Voting for What - A Look at the Student Elections

Voting for What?

Another week has rolled around and what may appear to be next on the student agenda are the university elections. It is hard not to be aware of the steady stream of self-advertising on Facebook, showing that the students of St Andrews are fully engaging in the selection of their future role models. Crafty graphic designers have created their own snapchat and profile picture filters, and these compete against the equally gifted yet more humorous among us, photo shopping their faces onto stock photos. The elections remain light-hearted, fun and engaging and whilst it seems like this can only be a positive thing, I ask that we contemplate a slightly different outlook on things.

 

Let us consider the purpose for which these candidates are up for election. Do they truly have that burning flame of passion for the well-being of the entire student body that they claim to have or is there a far larger stench of self-interest?

In essence, I question whether empty promises are made in order to gain that essential line in their C.Vs.

*Gasp*

The accusation I want to make has not-so-subtly been approached. The finger is being pointed, and the fault lies with us.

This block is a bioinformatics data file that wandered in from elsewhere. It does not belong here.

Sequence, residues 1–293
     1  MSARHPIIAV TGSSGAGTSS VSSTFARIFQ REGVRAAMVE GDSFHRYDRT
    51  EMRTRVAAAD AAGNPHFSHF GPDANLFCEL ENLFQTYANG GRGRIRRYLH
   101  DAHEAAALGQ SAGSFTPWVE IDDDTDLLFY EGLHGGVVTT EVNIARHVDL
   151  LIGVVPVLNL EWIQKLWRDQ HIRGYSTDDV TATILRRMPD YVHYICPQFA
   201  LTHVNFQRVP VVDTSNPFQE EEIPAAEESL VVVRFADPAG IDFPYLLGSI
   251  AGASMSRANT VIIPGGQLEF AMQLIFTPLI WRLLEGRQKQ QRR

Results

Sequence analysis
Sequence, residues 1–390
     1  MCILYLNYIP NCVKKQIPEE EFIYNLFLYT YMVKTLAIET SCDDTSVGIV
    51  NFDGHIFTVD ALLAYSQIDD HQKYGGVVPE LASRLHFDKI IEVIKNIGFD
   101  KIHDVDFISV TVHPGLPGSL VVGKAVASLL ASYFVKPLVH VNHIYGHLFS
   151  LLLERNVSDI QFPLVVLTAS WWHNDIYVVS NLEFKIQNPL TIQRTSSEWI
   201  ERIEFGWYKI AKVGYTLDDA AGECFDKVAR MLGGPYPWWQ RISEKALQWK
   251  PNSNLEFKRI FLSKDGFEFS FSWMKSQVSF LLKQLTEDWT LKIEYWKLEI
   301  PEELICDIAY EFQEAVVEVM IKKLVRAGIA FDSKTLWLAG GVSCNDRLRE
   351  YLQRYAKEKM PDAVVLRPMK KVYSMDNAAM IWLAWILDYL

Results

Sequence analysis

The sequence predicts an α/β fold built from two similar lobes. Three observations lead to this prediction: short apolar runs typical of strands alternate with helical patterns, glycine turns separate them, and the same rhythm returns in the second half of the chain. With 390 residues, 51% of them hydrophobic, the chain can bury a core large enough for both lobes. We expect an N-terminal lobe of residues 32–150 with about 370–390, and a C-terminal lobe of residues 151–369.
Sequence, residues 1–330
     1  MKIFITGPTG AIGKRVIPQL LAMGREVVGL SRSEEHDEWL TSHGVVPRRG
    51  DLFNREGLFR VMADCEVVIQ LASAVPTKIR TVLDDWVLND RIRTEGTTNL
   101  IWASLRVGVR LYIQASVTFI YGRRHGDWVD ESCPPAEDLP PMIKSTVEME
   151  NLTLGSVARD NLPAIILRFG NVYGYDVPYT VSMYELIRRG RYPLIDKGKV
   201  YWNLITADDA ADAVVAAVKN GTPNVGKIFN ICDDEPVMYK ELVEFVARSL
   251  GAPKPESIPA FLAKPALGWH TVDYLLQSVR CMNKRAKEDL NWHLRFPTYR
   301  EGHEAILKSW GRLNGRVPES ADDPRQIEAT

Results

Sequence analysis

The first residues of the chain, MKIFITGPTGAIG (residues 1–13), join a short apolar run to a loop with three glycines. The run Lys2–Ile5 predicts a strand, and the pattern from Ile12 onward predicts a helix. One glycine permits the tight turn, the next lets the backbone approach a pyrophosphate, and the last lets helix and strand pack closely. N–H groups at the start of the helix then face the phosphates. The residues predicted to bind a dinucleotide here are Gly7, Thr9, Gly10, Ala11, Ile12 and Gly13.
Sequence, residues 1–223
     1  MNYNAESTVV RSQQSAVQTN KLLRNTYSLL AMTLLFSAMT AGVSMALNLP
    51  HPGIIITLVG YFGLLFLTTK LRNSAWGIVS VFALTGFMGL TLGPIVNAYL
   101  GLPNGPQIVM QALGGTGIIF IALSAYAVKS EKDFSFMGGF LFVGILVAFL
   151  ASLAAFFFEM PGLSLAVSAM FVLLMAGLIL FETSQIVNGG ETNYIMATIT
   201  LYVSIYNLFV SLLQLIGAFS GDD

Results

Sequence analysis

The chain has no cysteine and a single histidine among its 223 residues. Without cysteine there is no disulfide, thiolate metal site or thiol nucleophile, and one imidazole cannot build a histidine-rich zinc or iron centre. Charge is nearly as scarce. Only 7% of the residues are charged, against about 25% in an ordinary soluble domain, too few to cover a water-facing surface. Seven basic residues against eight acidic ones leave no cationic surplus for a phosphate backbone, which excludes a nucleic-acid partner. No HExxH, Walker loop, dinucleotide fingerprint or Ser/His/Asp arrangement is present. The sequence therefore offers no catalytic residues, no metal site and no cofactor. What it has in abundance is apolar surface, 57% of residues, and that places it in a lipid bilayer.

I’m sure this thought has occurred to the majority of the people involved in the process; that what is essentially being fought for is a title that can be slapped across your list of leadership credentials: a must-have for future employers. 

My eureka moment occurred during a visit to the Careers Centre on Market Street where I was shown an example C.V in order to improve my own. It was then that the key to my future success stared up at me underneath a bold, underlined title of leadership -a university title. The writer of the example C.V had himself claimed to be the creator of the gastronomy society, to which I then thought, “How hard can it be to set up a group which I can then claim to be in charge of? A cooking group is hardly a bad idea.” before I snapped out of it and remembered “Kirsten, you can’t cook. This is ridiculous”.

 

I guess my point here is that the allure of assuming a leadership role within St Andrews for the title rather than out of genuine passion and a will to improve the university is a strong one. This is worsened by the small number of people that run for each position combined with the very large selection of roles available (a grand total of 122 attempting to secure 61 roles), a lack of competition by any standards, which makes succeeding in securing a role all the more easy and thus all the more tempting. There are not enough talented people applying leaving too much space for the lazy.

 

So I ask that before you support your friends or vote for the most attractive looking candidate, please ask yourself: does this person have the drive to work for this role, and the desire to fulfil their promises?

Do these people have the time to truly invest themselves in an important position or will they stroll around campus with a title, doing the bare minimum to maintain it? To finish with a cliché: perhaps our representatives should be asking not what the university can do for them, but what can they do for the university.